"This is hell," says Gabriela, a Venezuelan refugee working as a prostitute in the Colombian border town of Cucuta.
The 19-year-old traveled 22 hours from La Guaira in Venezuela to work in Cucuta. Gabriela was not unaware of the job awaiting her. Like many others working in the sex industry in Cucuta, she'd heard about the opportunity from others who had already made the perilous journey across the border.
Like many Venezuelans who fled their country, Gabriela says she had little choice. The mother of a small child, Gabriela says while living in Venezuela, she did "not have the resources for diapers or milk."
Her work in Cucuta brings her around $30 to $40 a day. The money allows her to support herself and her children, something she can no longer do in her home country.
Sofia also made the trip into Cucuta, a 16-hour journey from Caracas. She came with her 2-year-old son.
Like Gabriela, she knew the work she would have to do. Economic opportunity has all but disappeared in Caracas, and she wanted to provide a better life for her son than she or his father had.
Sofia still struggles financially, and sometimes finds herself having to agree to multiple sexual encounters a day, a situation she describes as "a misery."
Both Gabriela and Sofia conduct this work gripped by fear on a daily basis. Prostitution is a dangerous line of work, particularly for refugees in a foreign country. They have to be careful to avoid situations with "men who want to abuse them," according to Gabriela.
Sofia and Gabriela say they have both been lucky in avoiding abuse up to this point, but Sofia knows people who "have been beaten, and mistreated until they are raped."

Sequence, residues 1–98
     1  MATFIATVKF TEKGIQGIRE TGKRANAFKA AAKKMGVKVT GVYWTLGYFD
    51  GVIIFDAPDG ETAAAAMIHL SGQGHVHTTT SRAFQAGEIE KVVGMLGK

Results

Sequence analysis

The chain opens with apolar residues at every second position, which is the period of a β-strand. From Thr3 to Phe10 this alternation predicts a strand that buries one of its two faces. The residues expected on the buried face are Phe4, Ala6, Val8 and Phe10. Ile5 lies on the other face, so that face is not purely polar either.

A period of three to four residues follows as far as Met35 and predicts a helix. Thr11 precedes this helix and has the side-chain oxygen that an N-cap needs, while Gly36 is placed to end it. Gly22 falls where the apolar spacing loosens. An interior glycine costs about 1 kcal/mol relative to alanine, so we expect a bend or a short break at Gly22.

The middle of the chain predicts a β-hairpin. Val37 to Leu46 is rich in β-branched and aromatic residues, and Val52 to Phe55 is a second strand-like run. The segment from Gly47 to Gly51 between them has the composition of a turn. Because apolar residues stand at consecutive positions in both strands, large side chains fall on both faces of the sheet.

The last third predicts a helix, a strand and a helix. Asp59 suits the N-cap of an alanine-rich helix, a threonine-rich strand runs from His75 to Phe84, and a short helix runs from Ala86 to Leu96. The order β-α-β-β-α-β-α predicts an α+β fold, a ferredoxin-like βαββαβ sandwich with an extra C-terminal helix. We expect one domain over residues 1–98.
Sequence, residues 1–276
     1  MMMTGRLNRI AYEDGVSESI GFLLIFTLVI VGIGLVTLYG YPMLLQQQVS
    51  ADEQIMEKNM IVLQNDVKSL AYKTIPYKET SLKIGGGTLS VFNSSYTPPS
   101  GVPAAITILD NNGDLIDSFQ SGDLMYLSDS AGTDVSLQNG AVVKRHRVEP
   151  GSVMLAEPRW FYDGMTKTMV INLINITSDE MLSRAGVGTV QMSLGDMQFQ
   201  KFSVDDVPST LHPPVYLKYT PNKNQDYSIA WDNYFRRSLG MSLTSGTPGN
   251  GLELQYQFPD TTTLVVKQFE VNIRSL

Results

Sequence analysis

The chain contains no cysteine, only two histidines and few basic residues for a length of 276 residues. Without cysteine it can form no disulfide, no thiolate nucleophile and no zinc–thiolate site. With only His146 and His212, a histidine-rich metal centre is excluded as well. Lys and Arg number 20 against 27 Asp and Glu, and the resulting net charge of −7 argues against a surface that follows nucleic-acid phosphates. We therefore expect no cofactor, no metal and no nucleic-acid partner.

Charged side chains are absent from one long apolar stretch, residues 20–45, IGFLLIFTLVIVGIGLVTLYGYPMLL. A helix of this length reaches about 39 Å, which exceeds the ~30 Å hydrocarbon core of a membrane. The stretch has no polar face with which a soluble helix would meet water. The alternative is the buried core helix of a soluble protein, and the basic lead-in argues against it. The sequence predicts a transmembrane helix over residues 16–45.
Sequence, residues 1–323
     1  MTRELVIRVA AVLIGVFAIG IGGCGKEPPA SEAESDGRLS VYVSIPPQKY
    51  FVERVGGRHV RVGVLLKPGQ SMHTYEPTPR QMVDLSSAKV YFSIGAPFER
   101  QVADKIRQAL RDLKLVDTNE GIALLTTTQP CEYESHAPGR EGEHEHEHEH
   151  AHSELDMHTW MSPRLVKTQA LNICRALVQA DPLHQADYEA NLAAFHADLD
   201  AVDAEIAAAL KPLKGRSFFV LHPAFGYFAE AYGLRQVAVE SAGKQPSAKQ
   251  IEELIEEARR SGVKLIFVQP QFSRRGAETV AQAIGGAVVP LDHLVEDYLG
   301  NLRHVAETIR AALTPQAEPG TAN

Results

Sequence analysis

To make matters worse, victims of violence often have nowhere to turn.
Mass flow of people
Wilfredo Canizares, director of the Progresar Foundation, a human rights advocacy group in North Santander, Colombia, says, "Authorities don’t know how to respond" to new levels of crime and insecurity in Cucuta.
According to Canizares, nearly 50,000 people enter and leave the city every day. This mass movement of people makes it harder for authorities to track and apprehend bad actors.
Overall, observers have praised the Colombian government's handling of the Venezuelan refugee crisis.
Colombia is currently allowing more than one million Venezuelans to reside in the country. To accommodate them, the government in Bogota set up paths for residence and work permits, created a mobility card to allow for easier border transit, and opened public schools to the children of Venezuelan refugees.
Colombia also extended citizenship rights to thousands of Venezuelan children born in the country, loosening a law that previously required at least one parent to have legal residency in the country.
Still, the scale of the crisis is close to overwhelming, and continues to grow. According to the United Nations High Commissioner on Refugees (UNHCR), thousands of Venezuelans are still arriving and transiting through Colombia, with no resolution to the crisis in sight.
These new arrivals will continue to strain a system already stressed by an unprecedented number of refugees. Without increased international funding, the UNHCR warns that the crisis could become dramatically worse.
The UNHCR, in partnership with more than 100 other organizations, in late 2019 announced a fundraising drive aiming to raise $1.35 billion to address the "increasing humanitarian needs of Venezuelan refugees … and the communities hosting them." Concerns have been raised that the fundraising drive, beginning this year, could fall short.
A similar drive in 2019 "was only 50% funded," according to the UNHCR spokesperson for the Venezuela situation, Olga Sarrado. In turn, this led to "a lot of people not receiving the assistance that was needed."
If the funding doesn’t arrive this year, more people could be forced to resort to illegal and dangerous work to survive.
Heider Logatto Cuadros contributed to this report.